In 2018, the plan is to:

• Develop regional economic development strategies with the county and chamber.

• Supplement lower spending on economic development by putting city planners, business developers and engineers under a new Office of Integrated Development, which will be run by Chief of Staff James Hardy.

• Open a financial empowerment center in conjunction with the United Way this spring in Kenmore, where the working class can get financial advice in a bank that recently closed. The city plans to open more sites like it in future years.

• Get out of the way when new community development corporations — like those supported by the Knight Foundation in North Hill, Middlebury and Kenmore — take the lead on development.

• Create Great Streets Akron, a city-led initiative that targets city resources and partnerships in an effort to revitalize neighborhood business districts thereby revitalizing neighborhoods.

• Convene the Department of Neighborhood Assistance and the Recreation Bureau to engage the community in a comprehensive plan for city parks and recreation, an initiative the mayor said is inspired by a report that came after the Akron race riots of 1968.

• And celebrate the city with “Welcome to Akron” sculptures that will greet visitors driving into Akron.

Year two

Horrigan dedicated the opening minutes of his speech to all his staff accomplished in 2017, sometimes noting or leaving out the challenges that loom.

As the operating budget for 2018 takes shape, Horrigan has trimmed his cabinet. Engineers, meanwhile, continue to build on $65 million already saved in a budget-crippling sewer project.

The property tax abatement program passed eight months ago has attracted 21 applicants so far, some for large developments like the 90 homes Alpha Phi Alpha Homes will build where Perkins Middle School now stands in West Akron. City Planner Jason Segedy expects interest in the tax abatements to “take off” as construction ramps up this spring. The city is aggressively marketing the incentives to real estate agents and builders.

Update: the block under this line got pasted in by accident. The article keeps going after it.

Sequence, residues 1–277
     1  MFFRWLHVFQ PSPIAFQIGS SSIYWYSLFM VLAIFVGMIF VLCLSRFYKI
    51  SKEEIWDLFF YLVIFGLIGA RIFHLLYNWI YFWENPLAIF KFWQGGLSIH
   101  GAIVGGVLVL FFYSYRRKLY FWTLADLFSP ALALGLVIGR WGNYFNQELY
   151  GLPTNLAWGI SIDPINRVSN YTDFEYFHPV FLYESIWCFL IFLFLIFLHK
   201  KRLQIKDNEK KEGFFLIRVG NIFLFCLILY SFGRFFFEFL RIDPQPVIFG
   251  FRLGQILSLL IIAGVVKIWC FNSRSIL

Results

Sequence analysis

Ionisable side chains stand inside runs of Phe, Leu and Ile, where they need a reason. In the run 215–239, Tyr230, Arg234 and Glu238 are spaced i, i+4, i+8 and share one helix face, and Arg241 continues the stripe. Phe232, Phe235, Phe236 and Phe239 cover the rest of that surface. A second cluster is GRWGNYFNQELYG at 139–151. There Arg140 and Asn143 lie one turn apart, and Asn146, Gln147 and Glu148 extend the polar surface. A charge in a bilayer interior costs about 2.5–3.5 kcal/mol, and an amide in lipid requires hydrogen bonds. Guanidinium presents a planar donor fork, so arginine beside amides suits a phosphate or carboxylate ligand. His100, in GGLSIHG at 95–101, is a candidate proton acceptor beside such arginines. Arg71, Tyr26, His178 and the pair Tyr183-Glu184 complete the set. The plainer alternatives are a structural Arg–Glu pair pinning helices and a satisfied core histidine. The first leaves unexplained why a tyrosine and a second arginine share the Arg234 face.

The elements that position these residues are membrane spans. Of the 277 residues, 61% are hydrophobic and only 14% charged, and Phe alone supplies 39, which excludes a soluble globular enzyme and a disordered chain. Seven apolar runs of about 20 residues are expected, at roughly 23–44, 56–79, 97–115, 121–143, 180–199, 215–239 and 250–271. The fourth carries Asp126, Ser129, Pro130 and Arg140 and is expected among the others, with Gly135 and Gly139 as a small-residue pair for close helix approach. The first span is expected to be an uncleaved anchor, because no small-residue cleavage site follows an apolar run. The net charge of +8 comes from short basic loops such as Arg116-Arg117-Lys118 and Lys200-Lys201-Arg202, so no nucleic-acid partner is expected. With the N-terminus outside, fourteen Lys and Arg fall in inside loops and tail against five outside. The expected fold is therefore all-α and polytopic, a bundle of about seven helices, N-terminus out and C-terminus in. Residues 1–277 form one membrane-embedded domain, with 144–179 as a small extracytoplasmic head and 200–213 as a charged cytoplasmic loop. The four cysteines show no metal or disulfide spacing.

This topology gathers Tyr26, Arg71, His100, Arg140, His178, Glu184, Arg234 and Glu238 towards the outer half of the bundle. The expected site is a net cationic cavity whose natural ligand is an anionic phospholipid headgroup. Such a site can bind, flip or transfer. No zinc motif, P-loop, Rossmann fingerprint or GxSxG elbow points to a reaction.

Horrigan also noted the one-time $11 million deal signed at the end of 2017, leasing city-owned space for cell towers to a company that will now rent directly to telecommunications companies. The windfall doubled the city’s cash reserves, which Horrigan said are higher than ever, though still $15 million short of where they should be.

Horrigan also thanked the public, once more, for passing a 0.25 percent income tax in November. The city, after a decade with little hiring or promoting safety staff, has hired 33 new cops and 34 new firefighters or medics — as well as found new police and fire chiefs — since Horrigan took office in 2016. The fire department is now staffed at 2008 levels.

The income tax increase will safeguard these new positions but mostly outfit them with new cars, fire stations, body cameras and other equipment.

He also said his public service directors remain committed to tripling the miles of road that get paved this year. “No, orange is not my favorite color,” he said, talking about other road construction planned for Main Street this fall.

Reach Doug Livingston at 330-996-3792 or dlivingston@thebeaconjournal.com. Follow him @ABJDoug on Twitter or www.facebook.com/doug.livingston.92 on Facebook.